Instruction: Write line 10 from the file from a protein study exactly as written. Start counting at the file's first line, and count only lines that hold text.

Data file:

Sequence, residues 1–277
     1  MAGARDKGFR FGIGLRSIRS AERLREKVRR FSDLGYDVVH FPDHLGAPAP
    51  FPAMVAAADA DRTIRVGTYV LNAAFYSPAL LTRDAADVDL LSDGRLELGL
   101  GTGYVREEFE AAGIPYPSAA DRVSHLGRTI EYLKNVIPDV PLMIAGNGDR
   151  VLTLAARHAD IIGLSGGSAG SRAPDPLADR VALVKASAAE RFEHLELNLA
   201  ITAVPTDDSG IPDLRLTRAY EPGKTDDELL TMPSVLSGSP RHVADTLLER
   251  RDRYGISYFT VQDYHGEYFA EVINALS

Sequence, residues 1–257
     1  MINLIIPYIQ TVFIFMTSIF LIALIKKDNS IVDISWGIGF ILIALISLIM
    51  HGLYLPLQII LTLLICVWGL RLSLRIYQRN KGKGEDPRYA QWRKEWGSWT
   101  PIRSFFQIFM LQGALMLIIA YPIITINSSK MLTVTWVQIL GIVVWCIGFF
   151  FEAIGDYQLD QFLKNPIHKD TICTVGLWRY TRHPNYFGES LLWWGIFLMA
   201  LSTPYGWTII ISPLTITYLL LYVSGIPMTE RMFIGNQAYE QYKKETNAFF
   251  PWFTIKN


    51  HGLYLPLQII LTLLICVWGL RLSLRIYQRN KGKGEDPRYA QWRKEWGSWT